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Gee: A mayor with a mandate and he's not afraid to use it

by Marcus Gee

Power is, well, empowering, isn’t it? Rob Ford took office as Toronto’s 64th mayor at midnight on Tuesday. Seven hours later, while the streets outside City Hall were still dark, he called the chief general manager of the Toronto Transit Commission on the carpet and ordered an end to a multi-billion-dollar mass-transit scheme that took years to approve and fund.

Early work on one Transit City line is already under way. Rail cars have been ordered. Tough luck, said His Worship. Transit City is dead. Gary Webster promptly scuttled off to prepare a new plan more to the new mayor’s liking.

You can’t say Mr. Ford is shy about wielding power. He knows he has a mandate and he is determined to use it. To those who said he could never achieve half of what he promised in his simplistic, slogan-laden election platform, he is as much as saying: Just watch me.

He and the tough-minded entourage that guided him to victory in the Oct. 25 election have put together a wham-bam to-do list for the first stage of his administration. Kill Transit City. Kill the vehicle-registration tax. Cut back office expenses for the mayor and councillors. Declare transit an essential service.

As if heads were not already spinning at the pace of change, there was a surprise extra yesterday: a freeze on property taxes in his first year, something that even this self-proclaimed tax fighter had not been bold enough to offer before his thumping election victory.

It was a confident, crisp-sounding Mr. Ford who stepped out to meet the press in the packed antechamber of his second-floor office on Wednesday. Standing in the spot occupied by his political opposite David Miller for the past seven years, he offered a four-point program to transform city hall.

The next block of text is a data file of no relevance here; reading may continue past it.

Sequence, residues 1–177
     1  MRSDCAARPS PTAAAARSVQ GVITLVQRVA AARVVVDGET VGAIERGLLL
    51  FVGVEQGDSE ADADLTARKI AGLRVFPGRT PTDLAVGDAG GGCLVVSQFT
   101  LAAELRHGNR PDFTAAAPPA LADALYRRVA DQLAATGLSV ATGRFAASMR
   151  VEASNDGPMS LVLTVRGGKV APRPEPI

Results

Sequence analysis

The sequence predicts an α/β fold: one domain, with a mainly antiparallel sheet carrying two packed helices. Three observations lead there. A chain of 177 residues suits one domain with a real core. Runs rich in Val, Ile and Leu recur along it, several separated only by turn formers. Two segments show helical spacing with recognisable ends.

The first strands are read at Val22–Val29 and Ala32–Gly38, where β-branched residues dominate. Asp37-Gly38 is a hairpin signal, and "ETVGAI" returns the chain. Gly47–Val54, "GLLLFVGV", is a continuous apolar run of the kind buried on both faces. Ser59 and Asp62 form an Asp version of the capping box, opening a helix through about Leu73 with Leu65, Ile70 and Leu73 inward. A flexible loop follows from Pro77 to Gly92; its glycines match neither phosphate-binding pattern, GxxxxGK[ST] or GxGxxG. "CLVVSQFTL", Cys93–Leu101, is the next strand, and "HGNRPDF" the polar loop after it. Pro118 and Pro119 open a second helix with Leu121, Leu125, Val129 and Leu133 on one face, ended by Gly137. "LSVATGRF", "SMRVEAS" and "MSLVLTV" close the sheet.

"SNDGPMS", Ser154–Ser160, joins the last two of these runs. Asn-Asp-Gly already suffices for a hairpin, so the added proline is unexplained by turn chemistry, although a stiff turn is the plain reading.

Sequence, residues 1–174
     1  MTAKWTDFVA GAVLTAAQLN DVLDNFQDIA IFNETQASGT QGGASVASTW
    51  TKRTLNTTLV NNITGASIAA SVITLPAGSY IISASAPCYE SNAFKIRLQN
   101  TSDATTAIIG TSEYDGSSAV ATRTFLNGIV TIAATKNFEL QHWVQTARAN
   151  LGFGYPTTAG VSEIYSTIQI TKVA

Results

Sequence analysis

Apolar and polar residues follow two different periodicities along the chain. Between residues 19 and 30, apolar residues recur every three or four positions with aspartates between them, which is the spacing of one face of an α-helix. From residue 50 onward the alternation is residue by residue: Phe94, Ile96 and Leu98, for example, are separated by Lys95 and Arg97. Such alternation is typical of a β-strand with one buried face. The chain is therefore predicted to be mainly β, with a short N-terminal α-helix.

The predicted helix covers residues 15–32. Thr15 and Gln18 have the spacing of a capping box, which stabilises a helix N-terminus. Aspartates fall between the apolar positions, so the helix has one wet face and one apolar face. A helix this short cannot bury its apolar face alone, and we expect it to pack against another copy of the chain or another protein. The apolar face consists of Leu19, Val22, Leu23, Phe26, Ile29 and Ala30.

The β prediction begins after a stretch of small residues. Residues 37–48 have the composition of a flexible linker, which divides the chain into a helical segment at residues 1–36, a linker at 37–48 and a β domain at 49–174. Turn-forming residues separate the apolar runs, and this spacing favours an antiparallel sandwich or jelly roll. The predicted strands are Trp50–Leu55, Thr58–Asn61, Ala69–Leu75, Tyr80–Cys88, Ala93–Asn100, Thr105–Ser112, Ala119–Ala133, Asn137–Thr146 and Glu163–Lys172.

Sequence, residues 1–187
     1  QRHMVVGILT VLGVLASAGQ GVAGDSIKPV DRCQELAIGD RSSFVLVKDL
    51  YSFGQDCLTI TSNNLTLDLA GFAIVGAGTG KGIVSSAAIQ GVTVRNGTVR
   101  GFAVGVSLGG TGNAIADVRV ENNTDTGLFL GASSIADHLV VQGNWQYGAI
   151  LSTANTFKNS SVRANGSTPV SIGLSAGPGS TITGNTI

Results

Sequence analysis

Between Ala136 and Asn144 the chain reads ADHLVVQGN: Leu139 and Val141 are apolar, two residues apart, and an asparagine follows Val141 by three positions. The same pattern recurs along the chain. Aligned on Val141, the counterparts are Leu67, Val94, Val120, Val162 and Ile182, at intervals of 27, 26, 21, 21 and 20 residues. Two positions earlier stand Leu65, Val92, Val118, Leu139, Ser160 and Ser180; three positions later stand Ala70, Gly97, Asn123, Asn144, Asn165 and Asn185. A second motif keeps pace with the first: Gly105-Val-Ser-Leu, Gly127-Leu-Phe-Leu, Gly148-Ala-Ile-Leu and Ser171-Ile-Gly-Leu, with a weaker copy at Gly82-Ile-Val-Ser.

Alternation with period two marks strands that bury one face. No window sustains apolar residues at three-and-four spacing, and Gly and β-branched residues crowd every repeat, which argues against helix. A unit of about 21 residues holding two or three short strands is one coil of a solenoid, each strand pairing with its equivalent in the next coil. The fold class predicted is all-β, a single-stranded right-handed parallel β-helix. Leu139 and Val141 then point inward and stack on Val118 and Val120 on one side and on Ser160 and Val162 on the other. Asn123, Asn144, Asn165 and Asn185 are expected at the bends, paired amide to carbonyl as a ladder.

One: a new culture of customer-service excellence, in which “every phone call, every e-mail, will be responded to.” Two: a more transparent, more accountable city government. Three: an end to “wasteful spending and automatic tax increases.”

Four: A whole new approach to transit. Throwing aside Mr. Miller’s beloved Transit City light-rail plan as casually as he would dispose of a used gum wrapper, he vowed to bury all new lines far under the pavement - where they won’t get in the way of peeved motorists like him.

“Ladies and Gentlemen,” he proclaimed, “the war on the car stops today.” You could almost hear the roar of approval from the fuming, traffic-bound commuters on the 401, the Don Valley Parkway and the Gardiner Expressway.

It was all a bit breathtaking in a city hall culture where change tends to come in increments, if at all. “Welcome to the world of hardball politics, day one,” said Joe Mihevc, a city councillor bounced from his job as TTC vice-chair as Mr. Ford packed government committees with councillors after his own heart. After winning with 47 per cent of the vote, Mr. Ford is feeling no need to do follow the example of previous mayors and reach out to those on the other side of the political divide.

Of course sounding bold is easy right after you win. On the first day of the Year of Our Ford anything seems possible. The complications will come soon enough.

How, for example, do you design, approve and build that underground transit line along Sheppard Avenue to Scarborough in time for the Pan Am Games in 2015, as Mr. Ford has promised? Subways take time. It has been 13 years since the northward extension of the Spadina line was conceived and it is only now on the verge of construction.

How, for that matter, do you cover the enormous cost of burying the Sheppard line without using up the money put aside for other projects, such as the long-awaited Eglinton line? Even if, as the TTC’s Mr. Webster suggests, you could use light-rail vehicles instead of subways to run underground, you still have to dig the tunnel and that is where most of the cost lies.

But then, Mr. Ford has never been one to let the facts get in the way of a good slogan, like “people want subways.” He is bulldozing ahead regardless. So far, no one seems ready to stand in his way.

Liberal Premier Dalton McGuinty is behind in the polls and facing an election next fall. He has no interest in picking a fight with the popular new mayor over something like Transit City, a half-understood project championed by an ex-mayor and a group of left-leaning councillors who are suddenly on the outs at city hall. It is hardly an accident that Mr. McGuinty and his ministers are sounding more open to a new transit plan, as long as it doesn’t cost them more money.

In the late stages of the campaign for mayor, when Mr. Ford was pulling ahead of his rivals, one pollster said the Etobicoke councillor was like a hockey player with a breakaway on the St. Lawrence River. Winning has put the wind at his back. He is making the most of it.




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